A report by the Violence Policy Center shows that deaths caused by firearms outpaced deaths caused by motor vehicles in 10 states in 2009. Deaths caused by cars still outpace those caused by guns nationally, 36,361 to 31,236. The ten states in which there were more gun deaths then car deaths are: Alaska, Arizona, Colorado, Indiana, Michigan, Nevada, Oregon, Utah, Virginia, Washington.
State Gun Deaths Motor Vehicle Deaths Alaska 104 84 Arizona 856 809 Colorado 583 565 Indiana 735 715 Michigan 1,095 977 Nevada 406 255 Oregon 417 394 Utah 260 256 Virginia 836 827 Washington 623 580
According to VPC, a successful decades-long public health-based injury prevention strategy has resulted in a 43% decline in motor-vehicle deaths since 1966. That strategy includes making changes to vehicles and highways to increase safety. Meanwhile, firearms are subject to limited regulation, and the rate of gun deaths remain largely unchanged. VPC Legislative Director Kristen Rand says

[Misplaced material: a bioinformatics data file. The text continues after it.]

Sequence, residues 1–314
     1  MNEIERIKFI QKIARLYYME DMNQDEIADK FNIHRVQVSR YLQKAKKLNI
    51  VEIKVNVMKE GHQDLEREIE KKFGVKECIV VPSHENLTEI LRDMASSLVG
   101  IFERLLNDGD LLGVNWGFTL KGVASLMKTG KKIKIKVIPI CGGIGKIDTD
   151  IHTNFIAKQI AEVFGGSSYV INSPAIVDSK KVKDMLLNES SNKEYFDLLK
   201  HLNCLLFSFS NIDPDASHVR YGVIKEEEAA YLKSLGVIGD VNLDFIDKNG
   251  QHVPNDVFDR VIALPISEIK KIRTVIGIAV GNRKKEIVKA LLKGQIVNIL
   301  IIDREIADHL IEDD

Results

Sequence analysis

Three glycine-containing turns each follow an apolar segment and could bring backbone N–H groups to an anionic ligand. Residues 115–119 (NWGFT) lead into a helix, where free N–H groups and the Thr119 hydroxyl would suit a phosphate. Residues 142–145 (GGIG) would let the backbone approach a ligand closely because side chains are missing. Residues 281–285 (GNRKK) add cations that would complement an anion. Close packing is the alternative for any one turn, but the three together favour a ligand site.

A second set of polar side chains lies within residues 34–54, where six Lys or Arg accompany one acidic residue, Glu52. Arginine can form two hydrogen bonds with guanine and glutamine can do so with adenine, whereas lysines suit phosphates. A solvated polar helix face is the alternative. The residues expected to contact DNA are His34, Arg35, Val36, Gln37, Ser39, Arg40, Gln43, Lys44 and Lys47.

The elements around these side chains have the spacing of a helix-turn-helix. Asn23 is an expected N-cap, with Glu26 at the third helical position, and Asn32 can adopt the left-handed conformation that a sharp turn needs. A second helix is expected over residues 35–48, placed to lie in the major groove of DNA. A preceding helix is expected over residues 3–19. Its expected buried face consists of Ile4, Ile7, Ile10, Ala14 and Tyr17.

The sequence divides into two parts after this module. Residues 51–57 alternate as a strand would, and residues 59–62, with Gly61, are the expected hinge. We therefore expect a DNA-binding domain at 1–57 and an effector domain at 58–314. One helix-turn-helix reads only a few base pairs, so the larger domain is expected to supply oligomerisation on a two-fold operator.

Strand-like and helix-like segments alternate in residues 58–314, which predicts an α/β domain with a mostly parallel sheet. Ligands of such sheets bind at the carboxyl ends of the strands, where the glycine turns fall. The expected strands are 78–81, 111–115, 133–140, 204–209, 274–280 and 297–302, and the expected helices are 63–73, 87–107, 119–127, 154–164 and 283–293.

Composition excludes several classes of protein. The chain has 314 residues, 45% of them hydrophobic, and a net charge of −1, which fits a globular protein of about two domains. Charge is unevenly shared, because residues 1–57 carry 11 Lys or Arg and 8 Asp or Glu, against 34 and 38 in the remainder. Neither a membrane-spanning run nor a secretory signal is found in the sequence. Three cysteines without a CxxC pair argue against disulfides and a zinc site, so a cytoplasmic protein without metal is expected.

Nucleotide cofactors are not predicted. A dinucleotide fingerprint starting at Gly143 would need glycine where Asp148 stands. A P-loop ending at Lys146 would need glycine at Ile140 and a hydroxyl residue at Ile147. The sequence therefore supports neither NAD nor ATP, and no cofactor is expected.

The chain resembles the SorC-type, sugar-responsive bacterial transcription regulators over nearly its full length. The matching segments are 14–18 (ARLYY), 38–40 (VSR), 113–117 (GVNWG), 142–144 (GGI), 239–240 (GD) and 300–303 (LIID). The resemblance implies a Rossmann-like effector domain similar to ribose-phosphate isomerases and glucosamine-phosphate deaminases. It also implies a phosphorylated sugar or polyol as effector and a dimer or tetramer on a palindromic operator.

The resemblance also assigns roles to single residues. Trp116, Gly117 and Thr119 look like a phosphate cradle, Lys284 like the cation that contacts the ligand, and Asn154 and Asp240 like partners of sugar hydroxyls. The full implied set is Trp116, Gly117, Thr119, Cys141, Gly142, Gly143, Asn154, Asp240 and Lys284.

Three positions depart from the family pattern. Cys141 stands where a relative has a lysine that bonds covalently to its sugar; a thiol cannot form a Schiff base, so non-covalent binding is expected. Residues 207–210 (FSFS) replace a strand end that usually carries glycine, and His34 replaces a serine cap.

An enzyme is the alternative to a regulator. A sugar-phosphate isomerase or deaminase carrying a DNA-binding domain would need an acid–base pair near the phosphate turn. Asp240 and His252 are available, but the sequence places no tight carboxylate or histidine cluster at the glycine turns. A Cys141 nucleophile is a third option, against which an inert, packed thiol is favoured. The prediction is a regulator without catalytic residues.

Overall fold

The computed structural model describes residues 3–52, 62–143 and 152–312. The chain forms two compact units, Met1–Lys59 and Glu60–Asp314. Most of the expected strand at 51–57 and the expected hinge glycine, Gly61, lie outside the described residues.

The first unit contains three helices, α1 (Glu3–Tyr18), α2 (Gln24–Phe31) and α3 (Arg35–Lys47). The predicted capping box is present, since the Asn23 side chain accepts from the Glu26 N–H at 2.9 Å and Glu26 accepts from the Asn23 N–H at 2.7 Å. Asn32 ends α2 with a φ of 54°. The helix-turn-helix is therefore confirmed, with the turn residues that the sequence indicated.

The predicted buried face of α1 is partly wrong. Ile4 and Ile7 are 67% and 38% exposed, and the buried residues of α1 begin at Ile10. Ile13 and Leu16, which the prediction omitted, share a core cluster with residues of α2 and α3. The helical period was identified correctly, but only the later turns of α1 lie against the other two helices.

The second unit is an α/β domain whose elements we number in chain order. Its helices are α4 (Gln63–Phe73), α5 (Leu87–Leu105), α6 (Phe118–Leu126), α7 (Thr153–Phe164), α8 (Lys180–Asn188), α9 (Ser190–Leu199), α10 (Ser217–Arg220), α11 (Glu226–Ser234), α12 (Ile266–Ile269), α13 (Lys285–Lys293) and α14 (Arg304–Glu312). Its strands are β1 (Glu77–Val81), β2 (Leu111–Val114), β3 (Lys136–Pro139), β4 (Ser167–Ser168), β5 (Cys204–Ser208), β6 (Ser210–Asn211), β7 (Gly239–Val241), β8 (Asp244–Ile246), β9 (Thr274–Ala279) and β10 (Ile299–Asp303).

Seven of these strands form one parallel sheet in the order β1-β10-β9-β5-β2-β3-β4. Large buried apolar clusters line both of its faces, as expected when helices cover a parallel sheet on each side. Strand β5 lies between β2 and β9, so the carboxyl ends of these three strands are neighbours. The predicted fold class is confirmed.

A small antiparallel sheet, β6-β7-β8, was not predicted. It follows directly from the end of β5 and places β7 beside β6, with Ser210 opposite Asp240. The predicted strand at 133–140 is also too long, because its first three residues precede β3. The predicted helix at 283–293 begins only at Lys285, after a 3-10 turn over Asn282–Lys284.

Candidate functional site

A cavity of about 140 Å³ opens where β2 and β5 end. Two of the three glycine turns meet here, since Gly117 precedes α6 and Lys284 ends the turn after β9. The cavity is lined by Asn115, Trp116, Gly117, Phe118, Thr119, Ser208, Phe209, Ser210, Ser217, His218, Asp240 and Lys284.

Americans are reaping the benefits of smart safety regulation of motor vehicles. The idea that gun deaths exceed motor vehicle deaths in 10 states is stunning when one considers that 90 percent of American households own a car while fewer than a third own firearms. It is also important to consider that motor vehicles–unlike guns–are essential to the functioning of the entire U.S. economy.
Gun rights supporters have reacted to the study predictably by questioning both the analysis and the motivation of VPC. Arizona State Sen. Frank Antenori (R-Vail) said that comparing deaths caused by firearms with those caused by cars is unfair because while car deaths are accidental, most gun deaths are not, while the Executive Director of Rocky Mountain Gun Owners questioned how VPC connected a firearm to a death. Nevertheless, if public policy makers ignore the data the number of states where there are more gun than car deaths is likely only to increase.